Archdeacon of Hackney praised greeting cards Like a gift from the gods on the morning of the greeting card shops reopening in England after Lockdown 2, the Venerable Liz Adekunle, Archdeacon of Hackney (right), delivered a moving tribute that was dedicated to the importance of sending Christmas cards in the BBC Radio 4’s Thought for the Day spot. Her message touched on the enduring culture of Christmas card sending saying that it is a “testimony to the changing tradition that card giving still exists, given that so much of how we communicate is through the use of email and social media. The tradition holds importance for many. A YouGov survey commissioned by Royal Mail has shown that 55% of people think that sending Christmas cards this year is more important than ever. For Christmas cards are not an immediate form of communication; they are a very special form. They are a reminder that someone is thinking about you and not just in that moment. As the biblical instruction says, it can be a form of giving without expecting anything in return. I feel energised when I send a card. It is my gift and in some ways it feels like I have achieved something. And once a card sits on a table or a window ledge, there is a timeless quality to the care given as you glance over. Many of us can’t get everyone a gift at Christmas, but a card is a gift.”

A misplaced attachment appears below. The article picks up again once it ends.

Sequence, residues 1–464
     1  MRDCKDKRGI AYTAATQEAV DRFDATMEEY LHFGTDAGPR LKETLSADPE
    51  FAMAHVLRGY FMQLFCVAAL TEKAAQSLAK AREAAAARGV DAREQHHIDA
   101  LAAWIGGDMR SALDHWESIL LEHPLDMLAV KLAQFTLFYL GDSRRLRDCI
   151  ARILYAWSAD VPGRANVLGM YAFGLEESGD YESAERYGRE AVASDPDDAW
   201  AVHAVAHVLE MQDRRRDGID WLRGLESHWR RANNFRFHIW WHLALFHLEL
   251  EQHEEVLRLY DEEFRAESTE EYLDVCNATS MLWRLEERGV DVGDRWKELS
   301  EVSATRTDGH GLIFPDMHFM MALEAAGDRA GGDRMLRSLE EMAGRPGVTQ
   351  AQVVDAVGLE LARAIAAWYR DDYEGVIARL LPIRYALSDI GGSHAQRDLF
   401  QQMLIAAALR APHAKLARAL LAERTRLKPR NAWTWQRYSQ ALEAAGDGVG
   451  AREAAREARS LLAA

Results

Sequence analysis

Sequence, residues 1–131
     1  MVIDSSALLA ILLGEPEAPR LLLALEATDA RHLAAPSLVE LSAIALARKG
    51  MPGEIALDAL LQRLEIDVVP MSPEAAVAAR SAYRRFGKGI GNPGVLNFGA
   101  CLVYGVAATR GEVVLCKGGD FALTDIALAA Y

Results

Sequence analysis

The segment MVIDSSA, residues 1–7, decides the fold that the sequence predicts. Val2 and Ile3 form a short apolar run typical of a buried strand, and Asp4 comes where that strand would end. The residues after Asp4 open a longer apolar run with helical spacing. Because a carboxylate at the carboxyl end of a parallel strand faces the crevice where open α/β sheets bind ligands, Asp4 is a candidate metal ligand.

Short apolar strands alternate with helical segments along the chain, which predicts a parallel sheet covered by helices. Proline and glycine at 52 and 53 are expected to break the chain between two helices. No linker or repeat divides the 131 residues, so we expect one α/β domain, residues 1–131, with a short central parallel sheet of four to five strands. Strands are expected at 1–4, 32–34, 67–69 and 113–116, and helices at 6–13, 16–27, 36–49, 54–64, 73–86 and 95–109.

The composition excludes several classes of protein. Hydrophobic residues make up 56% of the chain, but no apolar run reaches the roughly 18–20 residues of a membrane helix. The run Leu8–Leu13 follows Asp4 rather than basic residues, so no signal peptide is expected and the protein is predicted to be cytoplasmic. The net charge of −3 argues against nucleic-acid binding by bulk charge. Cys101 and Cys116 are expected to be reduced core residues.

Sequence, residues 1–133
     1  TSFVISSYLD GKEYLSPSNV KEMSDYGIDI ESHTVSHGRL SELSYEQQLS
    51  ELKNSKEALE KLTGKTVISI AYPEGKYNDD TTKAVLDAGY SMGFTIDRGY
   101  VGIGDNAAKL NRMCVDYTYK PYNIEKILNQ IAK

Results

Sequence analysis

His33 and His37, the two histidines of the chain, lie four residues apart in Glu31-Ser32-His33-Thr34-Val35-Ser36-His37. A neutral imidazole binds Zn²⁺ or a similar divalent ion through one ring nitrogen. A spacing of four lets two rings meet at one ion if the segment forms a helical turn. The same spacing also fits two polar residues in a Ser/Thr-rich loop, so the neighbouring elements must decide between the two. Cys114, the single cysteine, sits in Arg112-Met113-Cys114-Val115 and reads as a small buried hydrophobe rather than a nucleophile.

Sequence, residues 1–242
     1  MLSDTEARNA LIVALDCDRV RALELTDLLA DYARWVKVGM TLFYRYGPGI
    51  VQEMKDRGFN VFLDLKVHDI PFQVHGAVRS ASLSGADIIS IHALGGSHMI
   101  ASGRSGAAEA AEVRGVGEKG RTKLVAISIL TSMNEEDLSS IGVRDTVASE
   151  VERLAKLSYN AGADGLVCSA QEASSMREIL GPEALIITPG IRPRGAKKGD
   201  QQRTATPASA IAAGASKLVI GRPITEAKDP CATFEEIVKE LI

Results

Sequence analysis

Festive Friday Christmas card kickstart The greeting card community helped to kickstart Christmas card sending by embracing the 2020 Festive Friday initiative. Publishers, retailers, trade suppliers, Royal Mail and Isle of Man Post were among those to participate in the GCA’s Festive Friday initiative at the end of November by writing and sending their Christmas cards, ensuring that the first wave of this year’s Christmas cards arrived just as Lockdown 2 eased in England. One avid supporter of Festive Friday was House of Cards. The retail group, co-owned by Miles Robinson and Nigel Williamson, really got behind the card sending activity - and posted 1,073 Christmas cards that were written by the HOC team to their friends and family, with the postage costs generously covered by the retailer. “Festive Friday is

Above: Emma Bryan (left) with the Royal Star & Garter activities and volunteers manager Raquel Pena Aristazabel who ran Festive Friday event at the Surbiton care home.

a brilliant GCA initiative. It definitely works in prompting the sending of Christmas cards, which were more warmly received than ever before,” commented Miles. Meanwhile even before she became president of the GCA, Rachel Hare, founder of Belly Button was a big fan of Festive Friday, but this year the publisher further widened its activities. Not only did the company send a handwritten Christmas card to all of its retail customers, but it made up 50 Christmas goodie bags of its products for The Christie Charitable Fund that were sold with donations going to the charity. Another publisher whose altruistic nature came to fore during the Festive Friday run up was Emma Bryan, namesake of Emma Bryan Designs. Emma donated a whole bunch of cards to help spread some festive cheer among veterans at the Royal Star & Garter care home in Surbiton. As Emma commented “My job as a greeting card designer has never felt more important than this year where connection has been so crucial during the lockdowns, so it gave me great pleasure to donate these greeting cards so that the residents of the Royal Star & Garter could enjoy writing to family and friends on Festive Friday.”